Sacking at least half of Twitter's moderators has led to a surge in hateful content on the platform, Rachel Younger reports
It's hard to believe, it's been barely a month since the world’s richest man became Twitter’s self-proclaimed Chief Twit, paying 44 billion dollars for the privilege.
Since taking over the platform Elon Musk has insisted free speech is paramount, reinstating the likes of Kanye West and Donald Trump, who were previously banned (although so far the former president has stayed quiet).
But plenty of others haven’t and with half of Twitter’s content moderators now believed to be out of a job, ITV News has seen fresh evidence that the use of some hate speech has tripled.
Research by the Centre for Countering Digital Hate (CCDH) contradicts Mr Musk’s claim that a short spike in hate speech after he took charge of the platform has been quickly reversed.
Instead, a search tool normally used by advertisers to find mentions of brand names, revealed that specific hate slurs targeting black, gay and trans people were far more prevalent than before he took over the site.
In the week before Mr Musk’s claim, on 24 November, the use of one of the most offensive racial slurs went up by 197%.
A homophobic term jumped by 31% and tweets with a specific antisemitic slur in them went up by 24%.
The findings come as little surprise to Melissa Ingle who used to be a senior data analyst on the content moderation team at Twitter.
Three weeks ago, she found out she’d been sacked when she was suddenly unable to access her emails.
Since then, she’s stayed in touch with the team she worked with at Twitter HQ trying to make the site safer.
“There are eight people left of 30 data scientists there in my group, with the human content moderation team almost completely gone.
It's inevitable that things will fall through the gaps even more”, she told ITV News.
Imran Ahmed, the CEO of CCDH, commissioned the research because, with no board to hold Mr Musk to account or data to prove it, his claim that hate speech had fallen by 23% was unverified.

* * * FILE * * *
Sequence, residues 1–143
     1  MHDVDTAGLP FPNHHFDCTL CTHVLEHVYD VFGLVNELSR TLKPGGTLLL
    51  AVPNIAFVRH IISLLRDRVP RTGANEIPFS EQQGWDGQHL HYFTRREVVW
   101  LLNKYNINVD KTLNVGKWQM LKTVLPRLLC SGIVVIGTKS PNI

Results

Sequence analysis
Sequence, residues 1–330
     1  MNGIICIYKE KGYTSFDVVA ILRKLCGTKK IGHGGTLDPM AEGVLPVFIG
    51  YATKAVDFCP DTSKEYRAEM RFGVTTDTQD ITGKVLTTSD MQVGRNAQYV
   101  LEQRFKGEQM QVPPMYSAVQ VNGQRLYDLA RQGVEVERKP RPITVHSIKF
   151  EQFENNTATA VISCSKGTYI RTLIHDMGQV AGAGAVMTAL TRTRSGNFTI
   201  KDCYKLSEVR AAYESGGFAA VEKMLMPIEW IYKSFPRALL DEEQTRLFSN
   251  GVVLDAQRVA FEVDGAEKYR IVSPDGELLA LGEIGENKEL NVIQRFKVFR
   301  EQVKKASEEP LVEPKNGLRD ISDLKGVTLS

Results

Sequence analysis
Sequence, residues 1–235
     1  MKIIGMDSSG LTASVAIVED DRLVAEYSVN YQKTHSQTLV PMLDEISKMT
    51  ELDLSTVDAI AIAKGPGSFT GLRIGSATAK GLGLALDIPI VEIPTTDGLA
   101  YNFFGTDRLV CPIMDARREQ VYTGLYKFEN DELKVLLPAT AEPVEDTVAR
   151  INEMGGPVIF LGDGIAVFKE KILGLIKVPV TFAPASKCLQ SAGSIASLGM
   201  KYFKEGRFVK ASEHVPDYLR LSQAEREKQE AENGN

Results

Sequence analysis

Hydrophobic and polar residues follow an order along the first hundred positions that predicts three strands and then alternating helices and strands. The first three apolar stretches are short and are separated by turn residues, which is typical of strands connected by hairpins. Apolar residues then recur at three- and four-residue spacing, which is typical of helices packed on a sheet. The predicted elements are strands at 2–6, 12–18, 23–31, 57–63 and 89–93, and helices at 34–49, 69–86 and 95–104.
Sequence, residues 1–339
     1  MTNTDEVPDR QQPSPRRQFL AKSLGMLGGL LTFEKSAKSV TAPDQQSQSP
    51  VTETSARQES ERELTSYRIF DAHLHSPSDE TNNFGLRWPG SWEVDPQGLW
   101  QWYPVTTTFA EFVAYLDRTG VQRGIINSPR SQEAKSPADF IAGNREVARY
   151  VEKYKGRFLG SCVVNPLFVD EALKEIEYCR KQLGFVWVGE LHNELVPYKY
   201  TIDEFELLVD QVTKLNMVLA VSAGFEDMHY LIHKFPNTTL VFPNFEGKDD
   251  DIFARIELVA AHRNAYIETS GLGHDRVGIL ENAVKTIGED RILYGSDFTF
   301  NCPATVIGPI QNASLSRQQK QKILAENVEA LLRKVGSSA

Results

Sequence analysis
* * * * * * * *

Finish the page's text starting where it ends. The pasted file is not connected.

“We wanted to trust but verify so we looked at the data on really extreme hate words. We found that contrary to what Mr Musk was saying, hate speech had gone up again”.
Twitter has had a desperately chaotic few weeks. But Mr Ahmed believes most social media platforms push content designed to engage users by provoking strong feelings.
“If you are Jewish, the first content you’ll see is anti-Semitic because it makes you react and get angry and respond to it and spend time arguing with people. If you are a trans person you might see transphobia” he said.
“What it does is try to find a way to hook you in”.
Twitter declined our request for an interview but told ITV News: “Since the change in ownership, we are being more aggressive than ever, using technology to reduce the reach of hateful Tweets and prevent their amplification.
"Twitter remains committed to and will continue to invest in the moderation of illegal and harmful content”.
But after the tech world’s most turbulent takeover, its estimated around half of Twitter’s top advertisers have now deserted the site.
The question for one of the world's leading social media platforms is whether Elon Musk’s arrival is a new beginning or the beginning of the end.